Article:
GCC seems to think there was a potential overflow here, but I don't see it. I think it just can't figure out that the printed text and the size both depend on the same variable. In any case, avoiding formatting functions here avoids the warning, and is probably faster anyway.
|2 years ago|
|doc||2 years ago|
|include||2 years ago|
|resources||2 years ago|
|scripts||2 years ago|
|src||2 years ago|
|test||2 years ago|
|waflib@b600c928b2||2 years ago|
|.clang-format||2 years ago|
|.gitattributes||2 years ago|
|.gitignore||3 years ago|
|.gitlab-ci.yml||2 years ago|
|.gitmodules||3 years ago|
|.travis.yml||5 years ago|
|AUTHORS||12 years ago|
|COPYING||2 years ago|
|INSTALL||7 years ago|
|NEWS||2 years ago|
|README.md||2 years ago|
|serd.pc.in||9 years ago|
|serd.ttl||3 years ago|
|waf||3 years ago|
|wscript||2 years ago|
Serd is a lightweight C library for RDF syntax which supports reading and writing Turtle, TriG, NTriples, and NQuads. Serd is suitable for performance-critical or resource-limited applications, such as serialising very large data sets or embedded systems.
Portable and Dependency-Free: Serd has no external dependencies other than the C standard library. It is known to compile with GCC, Clang, and MSVC (as C++), and is tested on GNU/Linux, MacOS, and Windows.
Small: Serd is implemented in a few thousand lines of C. It typically compiles to about 100 KiB, or about 50 KiB stripped with size optimizations.
Fast and Lightweight: Serd can stream abbreviated Turtle, unlike many tools which must first build an internal model. This makes it particularly useful for writing very large data sets, since it can do so using only a small amount of memory. Serd is, to the author's knowledge, the fastest Turtle reader/writer by a wide margin (see Performance below).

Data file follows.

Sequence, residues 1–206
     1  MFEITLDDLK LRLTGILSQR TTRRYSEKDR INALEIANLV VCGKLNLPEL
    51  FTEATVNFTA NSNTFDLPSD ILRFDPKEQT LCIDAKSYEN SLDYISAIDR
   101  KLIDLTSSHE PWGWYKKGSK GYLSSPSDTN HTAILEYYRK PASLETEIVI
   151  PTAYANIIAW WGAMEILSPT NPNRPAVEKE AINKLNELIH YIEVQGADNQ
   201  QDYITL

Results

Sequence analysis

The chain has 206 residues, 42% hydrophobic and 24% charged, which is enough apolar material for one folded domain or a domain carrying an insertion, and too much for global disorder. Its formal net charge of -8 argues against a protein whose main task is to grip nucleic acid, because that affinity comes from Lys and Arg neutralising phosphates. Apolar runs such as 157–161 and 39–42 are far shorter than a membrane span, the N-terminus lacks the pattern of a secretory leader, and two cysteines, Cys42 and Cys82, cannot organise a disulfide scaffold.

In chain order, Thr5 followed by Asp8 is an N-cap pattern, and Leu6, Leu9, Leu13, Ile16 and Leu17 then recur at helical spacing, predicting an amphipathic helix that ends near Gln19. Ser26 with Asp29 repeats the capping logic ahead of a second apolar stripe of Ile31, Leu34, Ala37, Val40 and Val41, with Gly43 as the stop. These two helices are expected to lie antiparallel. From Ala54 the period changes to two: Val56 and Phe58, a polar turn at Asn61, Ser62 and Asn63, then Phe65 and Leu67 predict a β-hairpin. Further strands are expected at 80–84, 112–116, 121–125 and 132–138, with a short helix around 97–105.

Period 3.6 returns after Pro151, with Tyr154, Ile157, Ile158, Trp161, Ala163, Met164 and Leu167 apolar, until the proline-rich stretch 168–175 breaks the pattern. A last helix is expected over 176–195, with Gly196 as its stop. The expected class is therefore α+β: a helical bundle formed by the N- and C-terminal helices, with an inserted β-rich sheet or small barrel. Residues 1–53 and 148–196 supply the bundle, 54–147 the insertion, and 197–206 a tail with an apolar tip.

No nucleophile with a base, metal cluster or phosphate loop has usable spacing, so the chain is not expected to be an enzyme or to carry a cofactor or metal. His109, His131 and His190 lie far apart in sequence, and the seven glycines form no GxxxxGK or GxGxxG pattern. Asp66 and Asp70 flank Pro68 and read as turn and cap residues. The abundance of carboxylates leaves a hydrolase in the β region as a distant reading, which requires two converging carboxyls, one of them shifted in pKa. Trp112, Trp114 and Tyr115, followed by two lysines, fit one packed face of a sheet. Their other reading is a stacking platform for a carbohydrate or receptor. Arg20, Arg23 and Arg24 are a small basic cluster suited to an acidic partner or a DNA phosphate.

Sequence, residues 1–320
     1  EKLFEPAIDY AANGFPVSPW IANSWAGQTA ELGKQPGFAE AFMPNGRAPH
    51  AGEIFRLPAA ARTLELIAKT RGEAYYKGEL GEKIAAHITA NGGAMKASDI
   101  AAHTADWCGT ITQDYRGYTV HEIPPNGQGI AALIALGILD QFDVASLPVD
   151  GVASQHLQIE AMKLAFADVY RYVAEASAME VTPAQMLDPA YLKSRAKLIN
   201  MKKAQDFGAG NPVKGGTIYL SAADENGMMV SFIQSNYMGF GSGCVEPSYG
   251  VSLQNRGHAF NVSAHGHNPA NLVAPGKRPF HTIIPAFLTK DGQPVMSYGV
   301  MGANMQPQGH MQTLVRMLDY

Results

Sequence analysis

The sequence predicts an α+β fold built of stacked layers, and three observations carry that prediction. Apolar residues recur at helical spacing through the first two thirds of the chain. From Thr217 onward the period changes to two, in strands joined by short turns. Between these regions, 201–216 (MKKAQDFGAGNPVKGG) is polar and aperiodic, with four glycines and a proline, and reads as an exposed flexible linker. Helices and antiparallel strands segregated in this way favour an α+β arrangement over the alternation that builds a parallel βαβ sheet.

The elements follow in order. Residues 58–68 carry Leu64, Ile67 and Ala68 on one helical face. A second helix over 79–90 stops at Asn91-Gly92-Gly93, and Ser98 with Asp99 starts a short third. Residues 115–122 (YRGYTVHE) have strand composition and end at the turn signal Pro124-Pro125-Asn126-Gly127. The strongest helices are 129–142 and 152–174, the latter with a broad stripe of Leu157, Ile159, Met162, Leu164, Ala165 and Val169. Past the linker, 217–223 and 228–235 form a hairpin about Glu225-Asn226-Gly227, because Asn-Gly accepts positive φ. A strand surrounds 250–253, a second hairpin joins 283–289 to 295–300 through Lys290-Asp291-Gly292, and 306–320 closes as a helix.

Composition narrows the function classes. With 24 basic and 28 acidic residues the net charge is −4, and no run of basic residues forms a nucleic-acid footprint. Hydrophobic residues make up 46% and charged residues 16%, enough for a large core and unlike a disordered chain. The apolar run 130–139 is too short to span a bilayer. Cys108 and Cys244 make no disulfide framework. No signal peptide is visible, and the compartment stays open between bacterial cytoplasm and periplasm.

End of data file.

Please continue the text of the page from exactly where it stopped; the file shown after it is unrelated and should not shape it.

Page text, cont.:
Conformant and Well-Tested: Serd passes all tests in the Turtle and TriG test suites, correctly handles all "normal" examples in the URI specification, and includes many additional tests which were written manually or discovered with fuzz testing. The test suite is run continuously on many platforms, has 100% code coverage by line, and runs with zero memory errors or leaks.
The benchmarks below compare
serdi, rapper, and riot re-serialising
Turtle data generated by sp2b on an i7-4980HQ running Debian 9. Of the
serdi is the fastest by a wide margin, and the only one that uses a
constant amount of memory (a single page) for all input sizes.
-- David Robillard firstname.lastname@example.org